Smallest Derangement of Sequence

3

Given the sequence  \ S = {1, 2, 3 \dots N} \ find the lexicographically smallest (earliest in dictionary order) derangement of \ S \ .

A derangement of S is as any permutation of S such that no two elements in S and its permutation occur at same position.

Examples:

Input: 3
Output : 2 3 1
Explanation: The Sequence is 1 2 3.
Possible permutations are (1, 2, 3), (1, 3, 2),
          (2, 1, 3), (2, 3, 1), (3, 1, 2) (3, 2, 1).
Derangements are (2, 3, 1), (3, 1, 2).
Smallest Derangement: (2, 3, 1)

Input : 5
Output : 2 1 4 5 3.
Explanation: Out of all the permutations of 
(1, 2, 3, 4, 5), (2, 1, 4, 5, 3) is the first derangement.

Method 1:
We can modify the method shown in this article: Largest Derangement
Using a min heap we can successively get the least element and place them in more significant positions, taking care that the property of derangement is maintained.
Complexity: O(N * log N)

Below is the C++ implementation.

// CPP program to generate smallest derangement
// using priority queue.
#include <bits/stdc++.h>
using namespace std;

void generate_derangement(int N)
{
    // Generate Sequence and insert into a 
    // priority queue.
    int S[N + 1];
    priority_queue<int, vector<int>, greater<int> > PQ;
    for (int i = 1; i <= N; i++) {
        S[i] = i;
        PQ.push(S[i]);
    }

    // Generate Least Derangement
    int D[N + 1];
    for (int i = 1; i <= N; i++) {
        int d = PQ.top();
        PQ.pop();
        if (d != S[i] || i == N) {
            D[i] = d;
        }
        else {
            D[i] = PQ.top();
            PQ.pop();
            PQ.push(d);
        }
    }

    if (D[N] == S[N])
       swap(S[N], D[N]);

    // Print Derangement
    for (int i = 1; i <= N; i++) 
        printf("%d ", D[i]);    
    printf("\n");
}

// Driver code
int main()
{
    generate_derangement(10);
    return 0;
}

Output:

2 1 4 3 6 5 8 7 10 9 

Method 2
Since we are given a very specific sequence i.e  S_i = i \ \ \forall i <= N we can calculate the answer even more efficiently.

Divide the original sequence into pairs of two elements, and then swap the elements of each pair.

If N is odd then the last pair needs to be swapped again.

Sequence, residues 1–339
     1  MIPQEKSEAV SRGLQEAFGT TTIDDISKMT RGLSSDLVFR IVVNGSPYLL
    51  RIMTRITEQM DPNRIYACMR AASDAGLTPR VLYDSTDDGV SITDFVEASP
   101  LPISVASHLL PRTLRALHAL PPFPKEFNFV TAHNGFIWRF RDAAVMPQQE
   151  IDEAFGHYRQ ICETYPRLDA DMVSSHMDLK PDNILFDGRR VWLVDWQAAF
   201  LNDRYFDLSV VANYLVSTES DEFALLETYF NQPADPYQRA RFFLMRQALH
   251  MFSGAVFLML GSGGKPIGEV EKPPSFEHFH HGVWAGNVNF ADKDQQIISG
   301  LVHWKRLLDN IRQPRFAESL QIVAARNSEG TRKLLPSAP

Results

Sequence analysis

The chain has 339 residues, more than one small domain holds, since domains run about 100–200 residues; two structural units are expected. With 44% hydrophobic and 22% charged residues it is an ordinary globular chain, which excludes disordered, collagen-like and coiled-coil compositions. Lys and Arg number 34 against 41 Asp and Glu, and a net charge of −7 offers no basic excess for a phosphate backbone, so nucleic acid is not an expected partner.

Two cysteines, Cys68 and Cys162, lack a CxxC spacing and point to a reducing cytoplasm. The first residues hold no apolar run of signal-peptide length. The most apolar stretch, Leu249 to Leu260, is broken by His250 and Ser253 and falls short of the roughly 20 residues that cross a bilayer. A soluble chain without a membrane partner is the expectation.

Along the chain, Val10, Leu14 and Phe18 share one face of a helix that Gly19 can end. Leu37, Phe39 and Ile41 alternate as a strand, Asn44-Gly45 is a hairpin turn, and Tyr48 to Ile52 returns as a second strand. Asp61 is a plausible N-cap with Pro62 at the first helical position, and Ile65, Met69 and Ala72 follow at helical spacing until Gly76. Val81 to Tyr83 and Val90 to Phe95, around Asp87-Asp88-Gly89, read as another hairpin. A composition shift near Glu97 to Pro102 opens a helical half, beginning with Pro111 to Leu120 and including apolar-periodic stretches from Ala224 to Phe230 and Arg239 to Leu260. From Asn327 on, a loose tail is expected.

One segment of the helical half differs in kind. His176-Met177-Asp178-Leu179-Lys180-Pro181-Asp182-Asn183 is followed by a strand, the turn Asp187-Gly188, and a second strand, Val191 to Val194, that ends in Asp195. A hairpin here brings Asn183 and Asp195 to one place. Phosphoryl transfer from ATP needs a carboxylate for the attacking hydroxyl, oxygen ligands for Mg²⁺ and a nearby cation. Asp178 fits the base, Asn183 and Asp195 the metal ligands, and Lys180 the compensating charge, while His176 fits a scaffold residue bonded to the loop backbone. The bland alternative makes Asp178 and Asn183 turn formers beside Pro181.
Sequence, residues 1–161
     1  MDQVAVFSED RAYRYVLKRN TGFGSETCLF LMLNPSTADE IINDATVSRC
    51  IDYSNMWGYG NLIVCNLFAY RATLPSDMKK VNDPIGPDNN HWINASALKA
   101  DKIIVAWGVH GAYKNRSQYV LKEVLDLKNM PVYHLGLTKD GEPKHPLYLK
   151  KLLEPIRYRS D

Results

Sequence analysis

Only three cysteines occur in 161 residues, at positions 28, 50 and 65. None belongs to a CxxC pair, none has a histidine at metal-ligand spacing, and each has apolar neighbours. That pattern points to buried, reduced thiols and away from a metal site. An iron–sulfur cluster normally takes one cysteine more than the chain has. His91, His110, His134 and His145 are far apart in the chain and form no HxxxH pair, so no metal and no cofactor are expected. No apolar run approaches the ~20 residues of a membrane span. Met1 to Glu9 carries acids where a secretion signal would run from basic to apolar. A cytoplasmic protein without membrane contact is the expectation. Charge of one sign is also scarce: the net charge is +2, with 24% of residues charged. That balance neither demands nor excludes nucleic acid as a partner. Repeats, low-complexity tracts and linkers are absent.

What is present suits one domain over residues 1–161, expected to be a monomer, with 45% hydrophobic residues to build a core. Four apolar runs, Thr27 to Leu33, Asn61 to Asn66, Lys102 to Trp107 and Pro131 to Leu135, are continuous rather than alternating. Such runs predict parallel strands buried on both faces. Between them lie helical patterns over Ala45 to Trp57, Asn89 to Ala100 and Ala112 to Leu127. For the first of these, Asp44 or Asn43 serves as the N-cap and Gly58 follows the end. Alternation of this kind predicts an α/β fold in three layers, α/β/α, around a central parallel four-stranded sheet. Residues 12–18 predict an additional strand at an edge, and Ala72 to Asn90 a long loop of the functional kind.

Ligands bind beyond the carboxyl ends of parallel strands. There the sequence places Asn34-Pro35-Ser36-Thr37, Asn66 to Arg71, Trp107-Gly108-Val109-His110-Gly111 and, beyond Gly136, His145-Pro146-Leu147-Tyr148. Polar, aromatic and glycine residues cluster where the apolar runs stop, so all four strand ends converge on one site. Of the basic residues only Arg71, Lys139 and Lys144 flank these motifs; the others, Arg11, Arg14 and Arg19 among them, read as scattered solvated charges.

Pictorial Representation

Complexity: We perform at most N/2 + 1 swaps, so the complexity is O(N).

Why does this method work
This method is a very specific application of method 1 and is based on observation. Given the nature of sequence, at position i we already know the least element that can be put, which is either i+1 or i-1. Since we are already given the least permutation of S it is clear that the derangement must start from 2 and not 1 ie of the form i+1 (i = 1). The next element will be of the form i – 1 . The element after this will be i + 1 and then next i – 1. This pattern will continue until the end.

This operation is most easily understood as the swapping of adjacent elements of pairs of elements of S.

If we can determine the least element in constant time, then the complexity overhead from heap is eliminated. Hence from O(N * log N) the complexity reduces to O(N).

Below is the C++ implementation

// Efficient C++ program to find smallest
// derangement.
#include <stdio.h>

void generate_derangement(int N)
{        
    // Generate Sequence S
    int S[N + 1];
    for (int i = 1; i <= N; i++)
        S[i] = i;

    // Generate Derangement
    int D[N + 1];
    for (int i = 1; i <= N; i += 2) {
        if (i == N) {

            // Only if i is odd
            // Swap S[N-1] and S[N]
            D[N] = S[N - 1];
            D[N - 1] = S[N];
        }
        else {
            D[i] = i + 1;
            D[i + 1] = i;
        }
    }

    // Print Derangement
    for (int i = 1; i <= N; i++) 
        printf("%d ", D[i]);    
    printf("\n");
}

// Driver Program
int main()
{
    generate_derangement(10);
    return 0;
}

Output:

2 1 4 3 6 5 8 7 10 9 

Note : The auxiliary space can be reduced to O(1) if we perform the swapping operations on S itself.

This article is contributed by Sayan Mahapatra. If you like GeeksforGeeks and would like to contribute, you can also write an article using contribute.geeksfor geeks.org or mail your article to contribute@geeksforgeeks.org. See your article appearing on the GeeksforGeeks main page and help other Geeks.

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